If you've seen any of these kinds of films before, you can already answer all of these questions. But that doesn't make it any less fun to watch.


One caution would be a passing mention that years ago the prince once went skinny dipping with a duchess. It was a weird inclusion, and totally not in keeping with the tone of the rest of the film (maybe it was something innocent when they were just little kids?). The only other concern is that this is yet another movie with "Christmas" in the title that makes no mention of the reason for the season, Christ. Not surprising; still disappointing.


When I came up with my own film rating scale, what I had in mind for a 7 was  a typical Hallmark film, one that was entertaining, but where the acting wasn't all that noteworthy in either a bad or good direction. That's exactly what we have here. A Royal Christmas was enjoyed by all in our household, from 9 all the way up to mom and dad. Shucks, if grandma and grandpa has stopped by, I'm sure they would have liked it too. It's very nice, and also nothing more.

Saturday, October 8, 2022

An American Tail

Animated / Family
1986 / 80 minutes
RATING: 9/10

This is the immigrant experience, set to music, and seen through the eyes of a 19th century Jewish animated mouse family who decide to come to America after they’d been driven out of their Russian village by rampaging Cossack cats.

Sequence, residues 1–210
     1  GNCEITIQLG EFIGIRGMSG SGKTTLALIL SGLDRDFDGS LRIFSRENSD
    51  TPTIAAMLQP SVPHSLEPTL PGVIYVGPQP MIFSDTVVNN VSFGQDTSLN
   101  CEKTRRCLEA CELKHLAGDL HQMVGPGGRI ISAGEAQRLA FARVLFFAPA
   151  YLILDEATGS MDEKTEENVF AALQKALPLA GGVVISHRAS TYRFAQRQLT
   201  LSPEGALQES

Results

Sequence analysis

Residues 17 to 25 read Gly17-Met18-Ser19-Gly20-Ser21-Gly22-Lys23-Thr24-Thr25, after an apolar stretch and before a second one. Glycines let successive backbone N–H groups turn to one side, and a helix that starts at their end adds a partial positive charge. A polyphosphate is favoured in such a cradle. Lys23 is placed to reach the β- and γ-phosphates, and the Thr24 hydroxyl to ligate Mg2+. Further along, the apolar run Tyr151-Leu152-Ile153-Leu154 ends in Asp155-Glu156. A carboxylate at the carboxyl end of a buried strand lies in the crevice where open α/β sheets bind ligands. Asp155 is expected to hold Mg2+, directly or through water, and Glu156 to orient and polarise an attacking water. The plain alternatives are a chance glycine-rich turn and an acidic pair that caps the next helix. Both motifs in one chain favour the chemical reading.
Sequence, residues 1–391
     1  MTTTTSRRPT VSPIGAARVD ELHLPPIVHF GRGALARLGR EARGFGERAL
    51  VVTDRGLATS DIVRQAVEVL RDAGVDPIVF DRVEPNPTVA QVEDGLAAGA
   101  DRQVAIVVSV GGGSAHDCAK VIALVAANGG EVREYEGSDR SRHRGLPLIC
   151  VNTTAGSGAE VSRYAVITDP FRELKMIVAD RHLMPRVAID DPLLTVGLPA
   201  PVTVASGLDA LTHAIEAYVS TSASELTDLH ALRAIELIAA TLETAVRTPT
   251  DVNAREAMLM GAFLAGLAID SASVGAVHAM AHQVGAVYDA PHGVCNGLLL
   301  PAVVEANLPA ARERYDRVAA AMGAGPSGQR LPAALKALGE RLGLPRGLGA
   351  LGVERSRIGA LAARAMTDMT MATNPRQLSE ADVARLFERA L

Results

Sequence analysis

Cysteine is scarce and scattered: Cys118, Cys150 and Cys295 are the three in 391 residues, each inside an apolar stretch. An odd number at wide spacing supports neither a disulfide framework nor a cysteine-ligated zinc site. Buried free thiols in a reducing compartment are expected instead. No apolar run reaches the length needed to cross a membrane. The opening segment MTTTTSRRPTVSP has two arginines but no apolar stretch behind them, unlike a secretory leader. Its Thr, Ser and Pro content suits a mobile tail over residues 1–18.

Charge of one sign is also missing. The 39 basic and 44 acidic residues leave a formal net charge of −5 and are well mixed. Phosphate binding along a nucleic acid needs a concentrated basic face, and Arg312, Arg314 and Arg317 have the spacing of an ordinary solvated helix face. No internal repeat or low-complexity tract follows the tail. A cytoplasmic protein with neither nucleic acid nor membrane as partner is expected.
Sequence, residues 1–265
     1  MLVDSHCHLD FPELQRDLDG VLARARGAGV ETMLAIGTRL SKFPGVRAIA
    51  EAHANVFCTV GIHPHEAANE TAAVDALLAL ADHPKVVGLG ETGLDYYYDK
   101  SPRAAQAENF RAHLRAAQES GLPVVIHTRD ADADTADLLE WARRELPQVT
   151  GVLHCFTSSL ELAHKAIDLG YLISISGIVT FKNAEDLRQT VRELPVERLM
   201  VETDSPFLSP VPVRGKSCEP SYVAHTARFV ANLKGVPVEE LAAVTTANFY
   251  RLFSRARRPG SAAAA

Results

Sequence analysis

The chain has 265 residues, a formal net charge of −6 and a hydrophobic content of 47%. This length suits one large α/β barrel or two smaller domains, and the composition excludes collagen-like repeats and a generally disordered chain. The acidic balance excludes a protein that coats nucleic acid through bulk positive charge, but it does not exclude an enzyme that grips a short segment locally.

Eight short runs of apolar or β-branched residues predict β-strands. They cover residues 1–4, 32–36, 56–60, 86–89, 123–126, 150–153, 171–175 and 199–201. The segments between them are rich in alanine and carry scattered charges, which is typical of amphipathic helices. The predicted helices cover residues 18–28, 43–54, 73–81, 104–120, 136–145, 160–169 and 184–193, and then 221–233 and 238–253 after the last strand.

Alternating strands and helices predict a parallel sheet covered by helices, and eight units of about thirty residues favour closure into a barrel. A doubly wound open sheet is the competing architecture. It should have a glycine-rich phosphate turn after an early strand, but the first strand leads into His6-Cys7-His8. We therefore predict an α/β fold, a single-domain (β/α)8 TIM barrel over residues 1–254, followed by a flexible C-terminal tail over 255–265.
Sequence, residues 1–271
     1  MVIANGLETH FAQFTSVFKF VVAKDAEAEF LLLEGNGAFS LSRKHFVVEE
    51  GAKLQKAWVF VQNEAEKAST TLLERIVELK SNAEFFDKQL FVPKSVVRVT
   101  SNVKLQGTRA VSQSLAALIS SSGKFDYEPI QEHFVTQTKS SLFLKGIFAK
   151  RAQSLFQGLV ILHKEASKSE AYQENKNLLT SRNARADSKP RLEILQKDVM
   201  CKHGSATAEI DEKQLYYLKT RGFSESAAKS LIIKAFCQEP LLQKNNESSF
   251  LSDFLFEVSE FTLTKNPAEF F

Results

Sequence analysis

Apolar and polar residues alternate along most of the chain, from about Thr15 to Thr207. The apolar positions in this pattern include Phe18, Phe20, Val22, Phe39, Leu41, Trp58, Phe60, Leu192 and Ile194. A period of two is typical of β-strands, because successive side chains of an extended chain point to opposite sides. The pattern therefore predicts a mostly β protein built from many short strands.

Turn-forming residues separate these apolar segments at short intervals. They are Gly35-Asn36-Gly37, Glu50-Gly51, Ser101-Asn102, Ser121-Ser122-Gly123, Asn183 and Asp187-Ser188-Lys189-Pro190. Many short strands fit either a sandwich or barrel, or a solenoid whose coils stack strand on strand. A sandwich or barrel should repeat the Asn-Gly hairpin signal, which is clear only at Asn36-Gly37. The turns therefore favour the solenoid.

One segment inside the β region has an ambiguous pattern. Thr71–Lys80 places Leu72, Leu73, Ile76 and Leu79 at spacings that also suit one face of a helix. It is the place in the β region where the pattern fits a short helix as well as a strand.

I should end the review right there; what more do you need? But I can’t help myself, because this is as brilliant as it is utterly unique! After escaping the Cossack cats, the Mousekewitz family takes a slow boat to their new land, surrounded by fellow immigrants from other countries. All of them have sad stories to share, usually involving how a cat ate their papa, or mama, or in the case of one Irish lad, his one true love (and all that was left of her was her tail!).

After each story is shared the mice join together to sing of how much better they expect it to be in their new country:

But there are no cats in America,
And the streets are paved with cheese
Oh, there are no cats in America,
So set your mind at ease!

They’re all so very hopeful, and that’s when the storm hits. Little Fievel, the Mousekewitz’s boy, is washed overboard and presumed lost, and his family is forced to continue on without him. Thankfully (I don’t think I could have taken it otherwise) Fievel has survived. He’s battered, but unbroken, and travels the rest of the way in a bottle, arriving only a short time after his family. Will he be able to find them? There are so many mice in New York! And it doesn’t help that they aren’t even looking for him.

Fievel soon discover that there are cats in America. Fortunately there are also mice here willing to fight for their freedoms. So it is, that Fievel, and unbeknownst to him, his family too, help with an audacious plan to force the cats onto a boat heading for Hong Kong. But even as they work on the same plan, Fievel and his family never quite cross paths. Fievel is making friends though, whether it’s a French pigeon helping with the construction of the Statue of Liberty, or a streetwise teen mouse who has Fievel’s back, or even a cat who loves broccoli a lot better than mouse burgers.


There’s a lot of cats chasing mice throughout the whole story, and these cats are mean and scary. That, along with a brief counter Fievel has with some creepy cockroaches, make this fare for children ten and up.

Also, theres’s a minor character, the politician Honest John, who always seems drunk. Fortunately, he’s onscreen only briefly, and only a few times.